So to give one example of the former, stuff about numbers, we have the research which reveals what are our favourite numbers. Apparently, and unsurprisingly, number 7 is the most popular choice, followed by number 3. Hmmm, all very magical. But the world's least loved number is 110! That I could not have guessed. 69 makes the top thirty, but Alex sagely observes: "The appearance of 69 shows that juvenile humour cannot be eliminated from Internet polls". A wry sense of humour runs through the book.

As for the applications to real life the book has so much information that transcends merely mathematics. To take the number 7 as a case in point we learn just how embedded in our world that number is: wonders, deadly sins, ages of man, pillars of wisdom, brides for brothers, seas, samurai and dwarves, as well as Babylonian ziggurats, Egyptian gates to hell, Vedic sun god horses, and walking seven time round the Kaaba during Hajj. Wow!

If I had one criticism of the book, it would be minor. It's that American-style thing that I detect started (although it may have been earlier) with Malcolm Gladwell's Tipping Point: the tendency to go and visit people who you refer to in the book and to get a description of them which, apparently, is to draw you into the narrative, but has the opposite effect with me.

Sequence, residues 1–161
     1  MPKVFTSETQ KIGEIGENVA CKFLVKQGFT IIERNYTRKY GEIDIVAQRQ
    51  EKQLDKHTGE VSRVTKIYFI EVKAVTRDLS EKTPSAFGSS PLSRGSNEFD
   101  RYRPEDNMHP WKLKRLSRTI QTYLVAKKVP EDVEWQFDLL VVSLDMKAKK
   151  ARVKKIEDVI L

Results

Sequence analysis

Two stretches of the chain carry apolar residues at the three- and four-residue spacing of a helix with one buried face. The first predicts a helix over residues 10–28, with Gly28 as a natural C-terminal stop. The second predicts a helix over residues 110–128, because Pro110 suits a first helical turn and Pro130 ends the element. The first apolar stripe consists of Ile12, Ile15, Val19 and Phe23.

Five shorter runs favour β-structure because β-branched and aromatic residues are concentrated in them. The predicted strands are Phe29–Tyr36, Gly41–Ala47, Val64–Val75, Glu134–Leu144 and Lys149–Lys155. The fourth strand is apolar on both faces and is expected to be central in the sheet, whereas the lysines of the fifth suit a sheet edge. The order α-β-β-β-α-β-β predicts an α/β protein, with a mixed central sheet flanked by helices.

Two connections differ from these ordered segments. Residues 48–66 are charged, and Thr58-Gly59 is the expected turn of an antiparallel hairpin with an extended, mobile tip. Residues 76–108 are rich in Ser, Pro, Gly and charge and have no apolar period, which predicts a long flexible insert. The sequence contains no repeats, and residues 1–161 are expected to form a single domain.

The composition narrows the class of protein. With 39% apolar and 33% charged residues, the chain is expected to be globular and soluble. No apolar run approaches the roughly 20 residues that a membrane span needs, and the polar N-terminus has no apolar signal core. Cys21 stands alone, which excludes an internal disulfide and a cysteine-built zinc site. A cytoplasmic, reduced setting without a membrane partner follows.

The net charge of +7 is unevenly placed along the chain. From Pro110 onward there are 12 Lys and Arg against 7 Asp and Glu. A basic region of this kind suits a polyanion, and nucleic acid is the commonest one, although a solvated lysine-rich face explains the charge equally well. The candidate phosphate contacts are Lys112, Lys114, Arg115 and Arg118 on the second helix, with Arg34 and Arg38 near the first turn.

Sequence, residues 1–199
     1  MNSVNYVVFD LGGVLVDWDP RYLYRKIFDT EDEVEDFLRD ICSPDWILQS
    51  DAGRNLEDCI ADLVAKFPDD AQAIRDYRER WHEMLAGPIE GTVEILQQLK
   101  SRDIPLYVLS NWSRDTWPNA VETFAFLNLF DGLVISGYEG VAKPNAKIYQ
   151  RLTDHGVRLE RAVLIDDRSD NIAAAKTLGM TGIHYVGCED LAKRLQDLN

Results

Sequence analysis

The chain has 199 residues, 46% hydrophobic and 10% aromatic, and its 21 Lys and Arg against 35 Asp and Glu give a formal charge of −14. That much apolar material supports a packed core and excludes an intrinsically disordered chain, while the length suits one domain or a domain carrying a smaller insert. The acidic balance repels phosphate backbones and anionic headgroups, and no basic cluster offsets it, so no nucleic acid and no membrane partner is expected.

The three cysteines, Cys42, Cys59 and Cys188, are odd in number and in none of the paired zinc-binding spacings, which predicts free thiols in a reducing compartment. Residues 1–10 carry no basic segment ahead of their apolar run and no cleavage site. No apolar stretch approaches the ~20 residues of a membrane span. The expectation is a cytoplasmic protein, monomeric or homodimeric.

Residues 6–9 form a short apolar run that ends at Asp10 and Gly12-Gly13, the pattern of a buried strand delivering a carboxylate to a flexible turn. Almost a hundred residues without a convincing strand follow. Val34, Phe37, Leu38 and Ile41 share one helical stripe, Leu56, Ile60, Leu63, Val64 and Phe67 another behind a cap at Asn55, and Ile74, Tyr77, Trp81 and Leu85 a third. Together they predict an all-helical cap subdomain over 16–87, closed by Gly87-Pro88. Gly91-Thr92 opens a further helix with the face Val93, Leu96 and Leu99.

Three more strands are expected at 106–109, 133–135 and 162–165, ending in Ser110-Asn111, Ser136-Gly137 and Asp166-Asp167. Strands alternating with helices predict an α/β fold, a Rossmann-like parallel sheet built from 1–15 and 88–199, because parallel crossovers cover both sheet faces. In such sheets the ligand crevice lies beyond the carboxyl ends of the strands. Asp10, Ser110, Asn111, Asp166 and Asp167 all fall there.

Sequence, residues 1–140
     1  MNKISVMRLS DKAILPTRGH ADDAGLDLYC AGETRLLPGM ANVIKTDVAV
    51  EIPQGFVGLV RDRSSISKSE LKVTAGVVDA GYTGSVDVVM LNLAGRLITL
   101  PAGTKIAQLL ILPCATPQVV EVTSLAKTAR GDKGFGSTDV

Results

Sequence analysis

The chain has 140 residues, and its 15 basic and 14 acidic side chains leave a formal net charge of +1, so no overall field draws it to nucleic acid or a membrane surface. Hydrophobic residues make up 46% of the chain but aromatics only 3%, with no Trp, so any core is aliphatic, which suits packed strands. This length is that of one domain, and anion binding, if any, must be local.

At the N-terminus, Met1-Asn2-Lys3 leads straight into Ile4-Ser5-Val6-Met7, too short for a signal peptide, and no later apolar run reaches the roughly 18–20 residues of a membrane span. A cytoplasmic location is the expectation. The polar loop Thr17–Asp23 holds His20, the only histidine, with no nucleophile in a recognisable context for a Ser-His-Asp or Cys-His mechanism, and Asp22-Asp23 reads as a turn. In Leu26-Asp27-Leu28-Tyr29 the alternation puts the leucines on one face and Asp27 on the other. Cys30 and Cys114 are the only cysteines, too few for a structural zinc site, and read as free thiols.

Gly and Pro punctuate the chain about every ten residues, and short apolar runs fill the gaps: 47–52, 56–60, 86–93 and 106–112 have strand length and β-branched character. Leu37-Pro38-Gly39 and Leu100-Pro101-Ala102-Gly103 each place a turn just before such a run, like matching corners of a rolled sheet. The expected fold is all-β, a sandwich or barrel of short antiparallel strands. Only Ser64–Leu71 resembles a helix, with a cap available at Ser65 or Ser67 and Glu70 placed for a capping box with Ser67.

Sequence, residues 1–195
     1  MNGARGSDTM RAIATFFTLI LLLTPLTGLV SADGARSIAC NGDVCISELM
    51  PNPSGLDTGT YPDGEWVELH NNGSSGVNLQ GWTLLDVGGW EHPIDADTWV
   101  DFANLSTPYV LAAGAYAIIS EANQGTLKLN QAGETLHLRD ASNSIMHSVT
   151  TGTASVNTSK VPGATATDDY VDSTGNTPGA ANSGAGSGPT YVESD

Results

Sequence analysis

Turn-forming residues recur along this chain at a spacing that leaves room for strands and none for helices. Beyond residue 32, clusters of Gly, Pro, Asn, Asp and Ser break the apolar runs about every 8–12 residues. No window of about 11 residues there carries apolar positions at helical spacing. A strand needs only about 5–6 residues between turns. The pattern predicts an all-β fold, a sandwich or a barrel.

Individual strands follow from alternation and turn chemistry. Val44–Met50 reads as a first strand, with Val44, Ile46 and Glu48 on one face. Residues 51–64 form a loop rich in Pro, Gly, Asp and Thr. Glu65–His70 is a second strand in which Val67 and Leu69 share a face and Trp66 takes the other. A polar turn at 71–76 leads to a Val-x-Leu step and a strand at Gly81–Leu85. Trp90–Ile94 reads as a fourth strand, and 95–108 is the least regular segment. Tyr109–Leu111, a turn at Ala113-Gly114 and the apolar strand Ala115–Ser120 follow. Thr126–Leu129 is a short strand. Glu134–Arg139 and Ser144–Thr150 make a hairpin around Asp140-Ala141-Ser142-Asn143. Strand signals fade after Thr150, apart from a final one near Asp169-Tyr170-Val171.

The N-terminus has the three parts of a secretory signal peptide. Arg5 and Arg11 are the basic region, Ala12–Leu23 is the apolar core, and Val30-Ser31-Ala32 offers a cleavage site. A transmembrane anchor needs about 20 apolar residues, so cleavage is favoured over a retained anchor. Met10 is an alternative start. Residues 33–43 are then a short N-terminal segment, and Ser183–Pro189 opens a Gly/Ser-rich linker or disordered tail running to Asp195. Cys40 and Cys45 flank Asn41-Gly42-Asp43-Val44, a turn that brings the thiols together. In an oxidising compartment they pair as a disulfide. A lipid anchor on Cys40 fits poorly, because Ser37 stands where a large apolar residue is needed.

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Format: Paperback
This is a very accessible book for non-mathematicians and those who wish they had some talent for numbers (like me!). The writing style is highly engaging and it is not always a simplistic analysis, which I really liked. However, I found the last chapter on cells and the Game of Life to be out of sync with preceding chapters. The subject is vague and is something of an underground interest, with the link to maths being rather tenuous and as such it jars with the rest of the book. Moreover, it is shame that this is the conclusive material and it was the only chapter that I struggled to engage with, not because of the complexity of ideas, but because I couldn't really get the point of why I was reading it. But, this is a really enjoyable and thought-provoking book that I'd recommend all to read.